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The Growth of Early Christianity: A Clarification

In my last post I was discussing why / how Christianity succeeded in taking over the Empire, and a number of readers have pointed out that the conversion of Constantine had something to do with it.  Yes indeed!!  Constantine had EVERYTHING to do with it.  If he/that hadn’t happened, there’s no telling what would have been.   Constantine was the real game-changer.  But my post (I wasn’t clear about this: my mistake) wasn’t dealing with the cataclysmic events of the fourth century; I was trying to talk about what was going on *before* the game changed.

The question I had and have is how Christianity managed to grow exponentially from the time of the apostles up to the early fourth century, when everything took a radical turn with the conversion of the emperor (which led, before century’s end, to Christianity becoming the state religion!).   If we assume that the New Testament is basically right, just for the sake of the argument (and in this it cannot be wrong by much, any way you look at it) that sometime after Jesus’ death around the year 30 there were, say, 20 followers who believed that he had been raised from the dead and was exalted to heaven as the Lord, how is it that by the time of Constantine, less than 300 years later, these 20 had managed to grow to make up 5% of the Empire or so – that is, 3 *MILLION* Christian (if the empire is 60 million people, as most historians guess, and Christians at that point were about 1/20 of the total, again, as good historians guess, for a variety of reasons).

How do you get from 20 to 3,000,000, in just under three centuries?  That’s the question I was trying to address.   And the more I think about it, the more interesting the problem becomes.  What exactly were these Christians saying (or doing) that was so compelling?  I know what conservative theologians and believers would say, but my question is what historians (whether believers or not) would say.  Let me stress, this is a matter of ongoing interest among scholars: I mentioned three of the important books in my previous post, and there are others!   But none, in my opinion, quite nails it.

Why Did “Orthodox” Christianity Win?
Why Did Christianity Succeed?



  1. Avatar
    jimmo  June 20, 2012

    Just to check my swiss-cheese memory, although Constantine was the initiator, Christianity didn’t actually become the official religion until Theodosius and his Edict of Thessalonica, Is that correct?

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    Johnny D. Hinton  June 20, 2012

    According to Rodney Stark in his book “The Rise of Christianity”, the church grew to 34 million by 350 AD.

    • Bart Ehrman
      Bart Ehrman  June 21, 2012

      These demographics are very hard to work out. I tend to trust Ramsey MacMullen more (he’s an expert in the ancient materials, unlike Stark). He is a bit more conservative in his figures..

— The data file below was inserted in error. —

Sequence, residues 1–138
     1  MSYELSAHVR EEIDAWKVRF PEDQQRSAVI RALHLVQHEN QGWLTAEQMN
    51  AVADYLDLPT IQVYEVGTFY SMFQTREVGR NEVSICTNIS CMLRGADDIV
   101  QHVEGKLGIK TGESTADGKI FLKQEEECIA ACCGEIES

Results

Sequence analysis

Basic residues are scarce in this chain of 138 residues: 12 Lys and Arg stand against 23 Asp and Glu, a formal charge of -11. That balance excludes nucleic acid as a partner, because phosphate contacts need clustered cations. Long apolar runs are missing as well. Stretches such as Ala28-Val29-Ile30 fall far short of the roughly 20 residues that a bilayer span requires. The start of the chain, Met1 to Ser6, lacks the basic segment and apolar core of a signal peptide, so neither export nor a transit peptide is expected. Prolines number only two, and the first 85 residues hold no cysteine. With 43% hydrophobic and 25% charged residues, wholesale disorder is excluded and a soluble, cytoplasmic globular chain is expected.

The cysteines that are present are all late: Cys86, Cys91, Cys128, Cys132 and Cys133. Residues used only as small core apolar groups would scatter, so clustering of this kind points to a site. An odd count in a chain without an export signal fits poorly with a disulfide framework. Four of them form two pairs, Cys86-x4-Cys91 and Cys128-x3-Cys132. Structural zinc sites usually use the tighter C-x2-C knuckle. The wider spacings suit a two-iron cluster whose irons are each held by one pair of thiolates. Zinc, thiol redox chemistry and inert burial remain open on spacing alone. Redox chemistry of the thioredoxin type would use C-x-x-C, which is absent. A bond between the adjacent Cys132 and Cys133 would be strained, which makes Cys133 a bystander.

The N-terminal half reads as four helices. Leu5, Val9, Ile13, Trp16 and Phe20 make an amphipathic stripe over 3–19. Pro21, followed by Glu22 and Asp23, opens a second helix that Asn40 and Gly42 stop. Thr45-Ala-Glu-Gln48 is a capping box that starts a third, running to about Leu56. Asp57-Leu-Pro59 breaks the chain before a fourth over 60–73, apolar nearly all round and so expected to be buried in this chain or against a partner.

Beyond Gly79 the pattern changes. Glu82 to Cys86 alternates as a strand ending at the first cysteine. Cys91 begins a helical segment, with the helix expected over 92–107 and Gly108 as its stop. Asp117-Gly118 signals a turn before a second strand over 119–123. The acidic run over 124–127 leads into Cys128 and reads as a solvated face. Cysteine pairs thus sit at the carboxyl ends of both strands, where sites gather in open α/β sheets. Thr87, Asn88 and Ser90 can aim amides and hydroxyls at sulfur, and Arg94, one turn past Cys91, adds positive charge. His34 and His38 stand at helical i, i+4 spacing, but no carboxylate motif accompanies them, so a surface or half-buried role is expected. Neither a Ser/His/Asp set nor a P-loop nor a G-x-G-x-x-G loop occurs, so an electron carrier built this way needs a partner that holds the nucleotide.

• Avatar
        Jim Joyner  June 21, 2012

        Ramsey MacMullen discusses differing population estimates in his 2006 book, Voting About God in Early Church Councils.

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    gonzalogandia  June 20, 2012

    I like where this analysis is going. It’s really very fascinating insights. It will be interesting to hear your take as to the state of mind of the early believers, starting with the original “20”. Was their intention to deceive, or did they believe so much in the message of Jesus that they actually think they saw Jesus after his death? Or did Paul think that the story lacked “teeth” and invented the ressurection story? I’m wondering if it’s even possible to come to a solution for this whodunit story: who had motive to change the ending of the story?

    Anyway, it may be off topic but I’m sure you’ll touch on it one day…

    • Bart Ehrman
      Bart Ehrman  June 21, 2012

      I don’t think they intended to deceive. I think some of them actually had visions — and the others believed them. I deal with this in my earlier posts on the resurrection, if you want to dig through the archives.

      • Avatar
        gonzalogandia  June 21, 2012

        Bart, thanks for the response. I would like to make a suggestion that might be useful for your readers…ok, ok, it might be useful for me! Could you categorize your blog posts by subject matter on the side of the site? For instance, under “Bart’s Recent Posts” have a section that has the growing number of subjects. I’ve seen this on other sites before and it is extremely helpful. In that way if you once again talk about the resurrection in September, a reader who wants to look at all the posts about the resurrection would only have to click the link “Resurrection” on the side, rather than trying to sift through all the earlier months. This might be too much work to organize now (?) but it seems like a trivial task for someone with your organizational skills! I realize you categorize them already, such as “Bart answers his readers” or “Public Forum”, but their not very useful, and I don’t think it will be very useful months and months down the road! There’s so much great information here, and it seems it will all just start getting lost under the mountain of posts this blog will accumulate over time.

        One more suggestion: can you put in an option to get updates in our email about the updated comments on any blog post? This is done in other blogs that I follow, and it saves a lot of time. It also allows to follow all the questions and your answers in the comments section…which are always just as interesting (if not more) than the blog post!